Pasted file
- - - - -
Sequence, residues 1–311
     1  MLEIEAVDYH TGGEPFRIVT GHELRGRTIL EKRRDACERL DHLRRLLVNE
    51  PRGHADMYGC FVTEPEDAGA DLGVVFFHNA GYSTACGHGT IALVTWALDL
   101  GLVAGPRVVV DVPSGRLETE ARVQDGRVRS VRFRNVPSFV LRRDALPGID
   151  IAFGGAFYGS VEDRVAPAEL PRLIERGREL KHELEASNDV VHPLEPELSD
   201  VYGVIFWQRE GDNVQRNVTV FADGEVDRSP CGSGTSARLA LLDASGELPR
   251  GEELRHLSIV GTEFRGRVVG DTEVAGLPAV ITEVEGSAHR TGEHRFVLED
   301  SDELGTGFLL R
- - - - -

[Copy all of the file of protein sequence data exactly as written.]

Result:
Sequence, residues 1–311
     1  MLEIEAVDYH TGGEPFRIVT GHELRGRTIL EKRRDACERL DHLRRLLVNE
    51  PRGHADMYGC FVTEPEDAGA DLGVVFFHNA GYSTACGHGT IALVTWALDL
   101  GLVAGPRVVV DVPSGRLETE ARVQDGRVRS VRFRNVPSFV LRRDALPGID
   151  IAFGGAFYGS VEDRVAPAEL PRLIERGREL KHELEASNDV VHPLEPELSD
   201  VYGVIFWQRE GDNVQRNVTV FADGEVDRSP CGSGTSARLA LLDASGELPR
   251  GEELRHLSIV GTEFRGRVVG DTEVAGLPAV ITEVEGSAHR TGEHRFVLED
   301  SDELGTGFLL R